LAG-3 is an inhibitory receptor that limits effector T-cell function and increases the suppressive activity of regulatory T cells. A published phase I/II trial (NCT00349934) evaluated IMP321, a recombinant soluble LAG-31g fusion protein given subcutaneously on Days 2 and 16, in combination with paclitaxel 80 mg/m2on Days 1, 8, and 15 of a 4-week cycle in 33 patients with metastatic HER2-negative breast cancer as first-line therapy.35This study showed an overall response rate (ORR) of 50%, with 15 partial responses. Six grade 3 adverse events were reported and included asthenia (3 cases), neutropenia, neuropathy, and an allergic reaction. Of note, treatment led to an induction of APCs, increased NK T cells, and increased effector-memory CD8+T cells. The combination of immune checkpoint inhibitors and chemotherapy represents a promising strategy that can potentiate adaptive anti-tumor immunity.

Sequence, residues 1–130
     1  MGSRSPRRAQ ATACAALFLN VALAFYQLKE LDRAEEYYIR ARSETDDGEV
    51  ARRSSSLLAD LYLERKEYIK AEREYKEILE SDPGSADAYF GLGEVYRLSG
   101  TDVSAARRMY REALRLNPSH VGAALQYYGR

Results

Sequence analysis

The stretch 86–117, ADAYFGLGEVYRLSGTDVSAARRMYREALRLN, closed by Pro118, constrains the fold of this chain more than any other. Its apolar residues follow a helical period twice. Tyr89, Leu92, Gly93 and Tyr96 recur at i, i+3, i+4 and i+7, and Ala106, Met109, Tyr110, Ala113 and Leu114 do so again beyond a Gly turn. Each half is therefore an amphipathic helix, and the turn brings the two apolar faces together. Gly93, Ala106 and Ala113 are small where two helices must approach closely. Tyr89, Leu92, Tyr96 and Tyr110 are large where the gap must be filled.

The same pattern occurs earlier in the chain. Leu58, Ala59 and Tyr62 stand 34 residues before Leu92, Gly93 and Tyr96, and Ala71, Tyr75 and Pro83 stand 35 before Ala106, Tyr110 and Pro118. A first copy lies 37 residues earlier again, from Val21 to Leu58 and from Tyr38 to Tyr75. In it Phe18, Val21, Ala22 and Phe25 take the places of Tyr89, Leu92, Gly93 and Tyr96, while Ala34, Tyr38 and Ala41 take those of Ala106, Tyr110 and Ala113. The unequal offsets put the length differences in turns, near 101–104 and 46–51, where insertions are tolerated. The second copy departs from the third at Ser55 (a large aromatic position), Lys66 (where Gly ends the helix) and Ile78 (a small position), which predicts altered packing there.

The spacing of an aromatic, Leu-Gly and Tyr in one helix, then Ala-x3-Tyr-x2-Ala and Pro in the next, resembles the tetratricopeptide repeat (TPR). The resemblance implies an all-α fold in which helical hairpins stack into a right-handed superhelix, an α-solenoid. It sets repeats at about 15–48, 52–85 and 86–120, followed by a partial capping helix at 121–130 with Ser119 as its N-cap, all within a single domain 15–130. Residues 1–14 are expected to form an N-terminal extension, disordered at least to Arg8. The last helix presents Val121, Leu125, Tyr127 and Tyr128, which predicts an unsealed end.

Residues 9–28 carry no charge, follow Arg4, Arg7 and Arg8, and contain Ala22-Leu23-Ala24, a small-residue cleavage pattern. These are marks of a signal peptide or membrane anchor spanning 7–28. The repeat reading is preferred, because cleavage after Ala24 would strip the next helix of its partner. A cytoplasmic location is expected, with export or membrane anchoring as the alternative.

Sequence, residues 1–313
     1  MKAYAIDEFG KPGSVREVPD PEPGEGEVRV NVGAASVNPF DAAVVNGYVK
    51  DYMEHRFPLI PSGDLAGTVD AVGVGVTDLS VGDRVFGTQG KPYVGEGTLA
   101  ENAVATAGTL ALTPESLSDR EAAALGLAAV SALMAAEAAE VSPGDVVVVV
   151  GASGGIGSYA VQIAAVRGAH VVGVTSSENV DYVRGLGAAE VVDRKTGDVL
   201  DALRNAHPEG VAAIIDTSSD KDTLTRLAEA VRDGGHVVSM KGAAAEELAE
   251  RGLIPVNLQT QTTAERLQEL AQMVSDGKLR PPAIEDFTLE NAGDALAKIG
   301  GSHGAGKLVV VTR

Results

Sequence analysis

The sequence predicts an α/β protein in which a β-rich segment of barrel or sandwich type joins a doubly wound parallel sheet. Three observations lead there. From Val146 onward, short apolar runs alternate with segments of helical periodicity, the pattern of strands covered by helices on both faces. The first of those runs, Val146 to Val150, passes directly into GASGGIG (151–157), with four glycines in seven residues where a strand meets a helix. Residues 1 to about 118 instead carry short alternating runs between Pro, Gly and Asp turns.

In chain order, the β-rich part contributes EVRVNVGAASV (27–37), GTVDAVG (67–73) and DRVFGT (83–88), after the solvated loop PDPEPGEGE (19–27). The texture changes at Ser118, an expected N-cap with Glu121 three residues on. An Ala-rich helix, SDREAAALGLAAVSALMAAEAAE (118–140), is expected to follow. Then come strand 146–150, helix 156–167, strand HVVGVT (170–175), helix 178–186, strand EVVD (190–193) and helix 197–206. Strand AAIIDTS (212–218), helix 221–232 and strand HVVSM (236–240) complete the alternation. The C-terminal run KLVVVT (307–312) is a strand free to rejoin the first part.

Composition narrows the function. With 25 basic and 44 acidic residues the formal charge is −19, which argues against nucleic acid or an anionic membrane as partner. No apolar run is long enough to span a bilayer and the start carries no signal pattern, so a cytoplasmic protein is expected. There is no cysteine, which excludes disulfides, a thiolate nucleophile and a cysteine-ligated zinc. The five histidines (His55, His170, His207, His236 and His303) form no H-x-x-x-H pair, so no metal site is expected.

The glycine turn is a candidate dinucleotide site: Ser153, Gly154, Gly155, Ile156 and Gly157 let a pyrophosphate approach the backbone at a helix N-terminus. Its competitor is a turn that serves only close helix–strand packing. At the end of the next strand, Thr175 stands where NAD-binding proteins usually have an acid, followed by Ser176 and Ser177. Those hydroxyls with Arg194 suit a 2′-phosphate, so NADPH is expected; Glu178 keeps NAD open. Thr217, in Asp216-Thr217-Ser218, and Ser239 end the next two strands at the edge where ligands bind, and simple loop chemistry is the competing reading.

Ipilimumab and tremelimumab are monoclonal antibodies that target CTLA-4. Tremelimumab is a fully human monoclonal immunoglobulin (Ig) G2 antibody that blocks the binding of CTLA-4 to CD80 and CD86, resulting in enhanced T-cell activation.36Vonderheide et al evaluated tremelimumab, in combination with exemestane, a nonsteroidal aromatase inhibitor, in 26 postmenopausal women with metastatic HR-positive breast cancer that relapsed after previous treatment for metastatic disease.37Tremelimumab was administered at escalating doses intravenously once every 28 days or once every 90 days and exemestane orally at 25 mg daily. The majority of patients had received prior endocrine therapy, and five patients had prior exemestane. There were no objective responses, but 42% (11/26) of patients experienced stable disease for 12 weeks or more. The most frequently reported treatment-related adverse events (grades 1-3) included diarrhea (46%), pruritus (42%), constipation (23%), and fatigue (23%). Treatment was associated with increased peripheral CD4+and CD8+T-cells expression of inducible costimulatory (ICOS), and an increased ratio of ICOS+T cells to FOXP3+regulatory T cells in the peripheral blood, indicating T-cell activation. The recommended phase II dose was tremelimumab 6 mg/kg every 90 days in combination with exemestane, a lower dose than the 15 mg/kg every 90 days used in published phase II and III solid tumor trials.38,39Given the lack of objective anti-tumor activity in this setting, clinical trial efforts are now focused in evaluating tremelimumab in combination with radiation or PD-L1 inhibitors (TABLE 2).